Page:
- The Washington Times - Tuesday, June 29, 2004

Mike Tyson is expected to announce today his annual pilgrimage to the ring, this time to fight Danny Thomas.

No, that’s not right. He’s going to fight Danny Kaye.

Wait, let me check my list of known Dannys again: Not Danny and the Juniors. Not Danny Snyder. Here it is: No. 1,033 on the list of known Dannys, a British heavyweight named Danny Williams.

Tyson likes those obscure British heavyweights.

He once fought one named Julius Francis, knocking him out in two rounds. If he keeps fighting these guys, they will make him the British heavyweight champion.

One problem, though: Tyson wouldn’t be able to defend his belt on British soil. Tyson has not been welcome there since his fight against Lou Savarese in June 2000. Tyson beat up British promoter Frank Warren before the fight, stopped Savarese in one round, took a swing at the referee and later declared he wanted to eat Lennox Lewis’ children.

Two years later, he was eating Lewis’ fists in Memphis.

Now, it’s Louisville, Ky., where Tyson and Williams will meet July 30.

Memphis, Louisville … how did Washington miss out on this fight? Maybe we can get some of that P. Diddy money that was supposed to back a Lewis-Tyson fight in the District.

Tyson, 38, has to fight in places like Memphis and Louisville because he can’t get licensed at the usual scenes of his boxing crimes.

Tyson was just licensed in New Jersey by its athletic control board, but the governor says he won’t allow Tyson to fight in state-owned arenas.

He is unwelcome in Las Vegas because of his repeated transgressions: biting off pieces of Evander Holyfield’s ear, trying to break Frans Botha’s arm in the ring, hitting Orlin Norris after the bell.

Tyson eventually came up with a plan to rehabilitate his career: fight just once a year. After all, how much can you mess up in the ring if you fight just once a year?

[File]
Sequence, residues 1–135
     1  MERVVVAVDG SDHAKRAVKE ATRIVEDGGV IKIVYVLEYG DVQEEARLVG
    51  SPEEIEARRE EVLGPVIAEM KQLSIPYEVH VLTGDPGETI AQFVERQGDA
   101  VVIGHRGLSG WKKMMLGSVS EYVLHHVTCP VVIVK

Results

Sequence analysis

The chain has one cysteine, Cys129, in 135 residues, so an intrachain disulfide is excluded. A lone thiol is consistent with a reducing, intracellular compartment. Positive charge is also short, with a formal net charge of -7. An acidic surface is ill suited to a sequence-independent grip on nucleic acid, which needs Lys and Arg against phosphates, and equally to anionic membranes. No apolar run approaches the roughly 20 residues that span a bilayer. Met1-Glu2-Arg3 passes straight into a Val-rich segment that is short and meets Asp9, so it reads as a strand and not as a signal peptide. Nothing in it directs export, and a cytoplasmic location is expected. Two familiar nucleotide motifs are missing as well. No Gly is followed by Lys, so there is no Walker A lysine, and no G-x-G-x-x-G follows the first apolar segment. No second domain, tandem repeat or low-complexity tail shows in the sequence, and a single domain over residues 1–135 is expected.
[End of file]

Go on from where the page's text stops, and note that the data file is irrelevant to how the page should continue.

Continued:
That has been his strategy the past three years. But now Tyson’s advisors — needing cash — have come up with an opposite plan: fight seven times in the next three years.

The chances of that happening are as small as Tyson winning the Nobel Peace Prize. He hasn’t fought that often since the three-year stretch of 1989 to 1991.

But Tyson is bankrupt even though he earned more than $300 million in his 19 years in boxing. He owes more than $30 million to the Internal Revenue Service, his ex-wife Monica and various other debtors.

Tyson is broke despite the $14 million settlement he just reached with promoter Don King that gives him $8 million now and two payments of $3 million over the next two years.

Tyson had been suing King for $100 million, claiming the promoter stole that much money from him. But Tyson against King in a courtroom would be like Tyson against Danny Bonaduce in the ring. He never had a chance.

Plus, according to Tyson, he needs cash. He told a British reporter he has been accepting handouts from drug dealers.

“For two years I have been a bum, truly a bum in the streets,” Tyson said. “I’ve got nowhere to live. I’ve been crashing with friends, literally sleeping in shelters. Unsavory characters are giving me money, and I’m taking it. I need it. The drug dealers, they sympathize with me. They see me as some sort of pathetic character.”

This, of course, is fantasy.

Tyson has been living just fine. He still shows up in expensive hotels and at major events. While he was claiming he slept in shelters, he told the New York Daily News that he was staying in a home in Arizona worth about $100,000. If Tyson was as elusive in the ring as is the truth about him, he might still be a great fighter.

He is a bum in the ring, though. Tyson has been shot as a fighter for a long time. But — talk about pathetic — he is getting back into the picture at a time when the heavyweight division is dominated by bums. As shot as Tyson is, he probably can still take most of the top-ranked heavyweights.

And to take another step down this pathetic ladder, there are big paydays ahead for Tyson if he can get through two or three fights.

There is a third fight against Evander Holyfield, who would be about 42 at the time of a bout. Holyfield also would be slurring his words, just like another opponent in a potential Tyson payday: Riddick Bowe.

Bowe just got out of prison and claims he will fight again. He grew up in the same Brooklyn neighborhood as Tyson, and the Battle of Brownsville could bring Tyson at least a $20 million payday. Of course, they may have to bring Tyson in the ring in handcuffs and Bowe in a wheelchair.

First, though, Tyson has a date in Louisville against Dangerous Danny Rather. They operate on the same frequency.

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